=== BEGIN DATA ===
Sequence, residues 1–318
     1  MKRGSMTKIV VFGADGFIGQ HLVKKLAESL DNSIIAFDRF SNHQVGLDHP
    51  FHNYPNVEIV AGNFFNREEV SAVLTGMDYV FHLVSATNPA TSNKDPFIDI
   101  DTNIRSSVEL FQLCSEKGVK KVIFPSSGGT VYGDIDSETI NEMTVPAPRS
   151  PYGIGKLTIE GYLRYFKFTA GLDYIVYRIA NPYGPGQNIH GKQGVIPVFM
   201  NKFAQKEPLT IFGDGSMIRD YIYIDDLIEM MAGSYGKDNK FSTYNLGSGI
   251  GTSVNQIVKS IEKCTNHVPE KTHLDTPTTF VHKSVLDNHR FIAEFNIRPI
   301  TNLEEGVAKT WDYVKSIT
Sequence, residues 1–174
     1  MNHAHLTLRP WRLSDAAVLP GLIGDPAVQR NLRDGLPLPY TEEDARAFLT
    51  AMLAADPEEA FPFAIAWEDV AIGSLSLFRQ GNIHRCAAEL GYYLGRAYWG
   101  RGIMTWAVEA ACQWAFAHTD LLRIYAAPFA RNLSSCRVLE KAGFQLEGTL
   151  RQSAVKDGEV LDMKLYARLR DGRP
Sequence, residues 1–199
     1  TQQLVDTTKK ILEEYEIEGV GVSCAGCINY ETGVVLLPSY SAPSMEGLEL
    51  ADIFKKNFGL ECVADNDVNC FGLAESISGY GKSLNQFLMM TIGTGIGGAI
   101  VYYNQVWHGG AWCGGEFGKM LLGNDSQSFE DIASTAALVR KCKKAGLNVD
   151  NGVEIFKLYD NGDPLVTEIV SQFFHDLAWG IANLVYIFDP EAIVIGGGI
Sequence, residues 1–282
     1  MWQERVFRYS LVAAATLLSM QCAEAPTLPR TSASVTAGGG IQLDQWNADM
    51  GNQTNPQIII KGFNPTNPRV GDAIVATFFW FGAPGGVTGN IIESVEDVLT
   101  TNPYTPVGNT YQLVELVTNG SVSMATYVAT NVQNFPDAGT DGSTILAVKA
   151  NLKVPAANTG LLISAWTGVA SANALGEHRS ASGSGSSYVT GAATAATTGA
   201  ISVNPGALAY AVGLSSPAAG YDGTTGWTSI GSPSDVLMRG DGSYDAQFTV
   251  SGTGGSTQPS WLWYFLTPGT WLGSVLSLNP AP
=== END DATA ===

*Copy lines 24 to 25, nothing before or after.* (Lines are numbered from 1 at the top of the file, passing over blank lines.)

   201  ISVNPGALAY AVGLSSPAAG YDGTTGWTSI GSPSDVLMRG DGSYDAQFTV
   251  SGTGGSTQPS WLWYFLTPGT WLGSVLSLNP AP